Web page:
Much remains unknown. What are the molecular mechanisms by which alterations in receptor trafficking are altered in post-synaptic targets? Are these cell autonomous effects or changes secondary to particular disturbances in network function caused by presynaptic dysfunction? Are pyramidal cells and/or particular subsets of interneurons more impacted?

Moreover, if there are disturbances in expression of particular isoforms of dysbindin, are these effects due to genetic variation within the DTNBP1 locus, or are these genomic phenotypes a result of transcriptional or translational influences on DTNBP1 expression?

It is clear that the biology of this gene and its associated protein is of great interest. Increasingly sophisticated tools that allow cell-type-specific regulation and/or modulation of expression in an isoform specific manner are required to help elucidate the answers to these questions.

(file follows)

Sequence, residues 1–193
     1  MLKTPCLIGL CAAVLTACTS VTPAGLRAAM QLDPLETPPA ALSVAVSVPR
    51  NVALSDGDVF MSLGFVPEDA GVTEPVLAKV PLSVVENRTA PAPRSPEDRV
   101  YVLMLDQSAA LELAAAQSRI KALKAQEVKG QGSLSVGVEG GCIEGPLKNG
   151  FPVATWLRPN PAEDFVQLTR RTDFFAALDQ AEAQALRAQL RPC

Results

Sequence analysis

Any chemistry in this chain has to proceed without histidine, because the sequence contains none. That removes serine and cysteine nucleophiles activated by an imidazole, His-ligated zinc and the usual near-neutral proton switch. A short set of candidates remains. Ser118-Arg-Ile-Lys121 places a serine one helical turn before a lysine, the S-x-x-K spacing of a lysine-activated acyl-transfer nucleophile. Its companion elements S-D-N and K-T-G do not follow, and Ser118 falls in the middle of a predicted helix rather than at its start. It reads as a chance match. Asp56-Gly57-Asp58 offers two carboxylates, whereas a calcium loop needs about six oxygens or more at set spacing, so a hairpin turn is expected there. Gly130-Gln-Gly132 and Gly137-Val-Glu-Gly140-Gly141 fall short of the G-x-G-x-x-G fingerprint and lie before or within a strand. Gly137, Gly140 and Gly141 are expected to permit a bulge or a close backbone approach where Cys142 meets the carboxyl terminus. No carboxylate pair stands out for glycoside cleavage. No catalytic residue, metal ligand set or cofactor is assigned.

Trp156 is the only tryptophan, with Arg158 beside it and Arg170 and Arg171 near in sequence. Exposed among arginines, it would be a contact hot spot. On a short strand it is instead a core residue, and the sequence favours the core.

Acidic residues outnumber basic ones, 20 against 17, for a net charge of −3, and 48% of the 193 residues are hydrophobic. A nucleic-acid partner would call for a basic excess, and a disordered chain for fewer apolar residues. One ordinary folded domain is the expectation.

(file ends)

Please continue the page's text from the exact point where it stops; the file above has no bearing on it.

References:

Talbot K, Eidem WL, Tinsley CL, Benson MA, Thompson EW, Smith RJ, Hahn CG, Siegel SJ, Trojanowski JQ, Gur RE, Blake DJ, Arnold SE. Dysbindin-1 is reduced in intrinsic, glutamatergic terminals of the hippocampal formation in schizophrenia. J Clin Invest . 2004 May 1 ; 113(9):1353-63. Abstract

Numakawa T, Yagasaki Y, Ishimoto T, Okada T, Suzuki T, Iwata N, Ozaki N, Taguchi T, Tatsumi M, Kamijima K, Straub RE, Weinberger DR, Kunugi H, Hashimoto R. Evidence of novel neuronal functions of dysbindin, a susceptibility gene for schizophrenia. Hum Mol Genet . 2004 Nov 1 ; 13(21):2699-708. Abstract

Chen XW, Feng YQ, Hao CJ, Guo XL, He X, Zhou ZY, Guo N, Huang HP, Xiong W, Zheng H, Zuo PL, Zhang CX, Li W, Zhou Z. DTNBP1, a schizophrenia susceptibility gene, affects kinetics of transmitter release. J Cell Biol . 2008 Jun 2 ; 181(5):791-801. Abstract